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Libélula Crocothemis erythraea

Diputación de Málaga
GR 249 Etapa 15 Libélula africana (Crocothemis erythraea)

Libélula Crocothemis erythraea

When to see them
Safe appearance Probable appearance
Animal Life > Dragonflies


Length: From 36 to 45 mm.
Hindwing spam: From 23 to 33 mm.
Male: 1. Red frons, thorax and legs. There are no markings, but blue-grey colour on the hind and lower part of the eyes stands out. 2. Red abdomen is wide and very flatten. It has no black markings. 3. Long gold pterostigma. 4. Reddish veins on the forewing margin. 5. Saffron-coloured markings on the base of the wings are very small or invisible on the forewings and larger on the hindwings.
Female: It is similar to the male in the features of the wings and the abdomen, but not in colour, as it is rather light. It can be easily distinguished from other species thanks to the above characteristics and because it has vulvar spine that stands out on the last abdominal segments (6).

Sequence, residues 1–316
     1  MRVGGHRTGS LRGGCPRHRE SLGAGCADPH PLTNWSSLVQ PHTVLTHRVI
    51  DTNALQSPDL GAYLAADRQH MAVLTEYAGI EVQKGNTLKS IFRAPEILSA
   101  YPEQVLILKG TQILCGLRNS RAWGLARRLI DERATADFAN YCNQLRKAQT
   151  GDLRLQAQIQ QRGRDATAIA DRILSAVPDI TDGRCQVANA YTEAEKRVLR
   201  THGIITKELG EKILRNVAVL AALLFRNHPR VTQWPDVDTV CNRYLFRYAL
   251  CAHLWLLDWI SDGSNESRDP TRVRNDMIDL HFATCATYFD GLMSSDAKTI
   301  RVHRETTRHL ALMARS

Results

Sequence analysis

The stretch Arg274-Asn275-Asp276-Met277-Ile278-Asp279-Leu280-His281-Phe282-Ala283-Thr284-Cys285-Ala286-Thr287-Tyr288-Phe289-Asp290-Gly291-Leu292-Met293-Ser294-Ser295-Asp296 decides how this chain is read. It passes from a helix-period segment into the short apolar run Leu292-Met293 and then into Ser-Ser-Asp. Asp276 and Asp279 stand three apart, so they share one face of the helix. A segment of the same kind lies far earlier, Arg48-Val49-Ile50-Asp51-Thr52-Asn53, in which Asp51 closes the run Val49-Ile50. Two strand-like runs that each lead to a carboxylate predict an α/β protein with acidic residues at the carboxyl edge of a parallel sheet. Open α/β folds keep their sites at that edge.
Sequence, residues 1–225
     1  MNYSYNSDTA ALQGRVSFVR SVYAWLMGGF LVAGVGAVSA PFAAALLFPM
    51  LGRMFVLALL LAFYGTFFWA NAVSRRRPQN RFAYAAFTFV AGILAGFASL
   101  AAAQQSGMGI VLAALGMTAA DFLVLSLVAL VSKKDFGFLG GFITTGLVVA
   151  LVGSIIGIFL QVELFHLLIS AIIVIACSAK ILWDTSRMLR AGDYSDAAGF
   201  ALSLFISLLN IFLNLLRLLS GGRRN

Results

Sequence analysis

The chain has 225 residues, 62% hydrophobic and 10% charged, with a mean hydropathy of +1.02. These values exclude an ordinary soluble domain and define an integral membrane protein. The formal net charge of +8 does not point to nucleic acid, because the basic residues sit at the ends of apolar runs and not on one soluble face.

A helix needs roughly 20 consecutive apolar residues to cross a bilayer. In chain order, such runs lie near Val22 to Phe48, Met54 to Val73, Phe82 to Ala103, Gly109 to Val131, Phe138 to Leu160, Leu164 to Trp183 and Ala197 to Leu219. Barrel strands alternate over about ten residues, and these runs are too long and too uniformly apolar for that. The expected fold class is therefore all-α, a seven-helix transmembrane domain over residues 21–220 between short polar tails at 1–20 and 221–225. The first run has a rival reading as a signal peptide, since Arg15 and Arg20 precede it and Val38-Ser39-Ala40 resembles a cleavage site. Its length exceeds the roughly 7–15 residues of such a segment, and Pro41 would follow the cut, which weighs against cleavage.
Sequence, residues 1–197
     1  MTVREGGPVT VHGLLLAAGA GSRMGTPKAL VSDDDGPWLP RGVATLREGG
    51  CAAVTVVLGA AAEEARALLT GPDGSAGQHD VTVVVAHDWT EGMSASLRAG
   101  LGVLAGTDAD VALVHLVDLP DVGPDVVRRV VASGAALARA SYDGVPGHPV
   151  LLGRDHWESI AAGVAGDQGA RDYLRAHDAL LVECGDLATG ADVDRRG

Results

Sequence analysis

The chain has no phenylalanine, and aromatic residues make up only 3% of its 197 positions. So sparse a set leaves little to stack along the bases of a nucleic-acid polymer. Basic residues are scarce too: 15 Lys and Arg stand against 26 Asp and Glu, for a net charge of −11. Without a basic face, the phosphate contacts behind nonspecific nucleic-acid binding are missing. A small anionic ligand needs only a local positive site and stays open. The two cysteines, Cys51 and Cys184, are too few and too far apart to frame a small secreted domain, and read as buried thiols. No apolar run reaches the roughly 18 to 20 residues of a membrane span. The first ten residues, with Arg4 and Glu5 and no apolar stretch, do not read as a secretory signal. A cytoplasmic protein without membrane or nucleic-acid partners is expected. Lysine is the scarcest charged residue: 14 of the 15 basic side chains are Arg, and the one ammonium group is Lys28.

This colonist can spread fast in recently created water bodies. It prefers mating in standing kinds of water, as well as in pools in rivers and streams, lakes, reservoirs, ponds used for livestock, farming or golf courses, artificial ponds, canals, water tanks, flooded quarries and gravel pits. They can live in moderately salty or polluted water bodies.


Way of life

It rests on the ground or shore emergent plants, such as cane reeds, bulrushes and reeds. It can rest in horizontal and diagonal position, in the shape of an obelisk at midday. Its wings are often held forward over the thorax. The male is very aggressive and territorial towards other males. The female lays eggs alone while flying. It touches the water with the tip of the abdomen and drops eggs.


When to see this species

In Málaga, it is recorded throughout the year. However, it can usually be seen from May to October, especially from June to September.


Where to see this species

This is one of the most common and widespread species in the province. It has been seen on stages 2, 3, 5, 13, 16, 18, 19, 21, 22, 24, 25, 30 and 35 of the Great Málaga Path, and it can probably be found on more stages.


Similar species

Genera Sympetrum, and Trithemis.


Conservation status

The species is not endangered nor particularly protected by the current environmental law.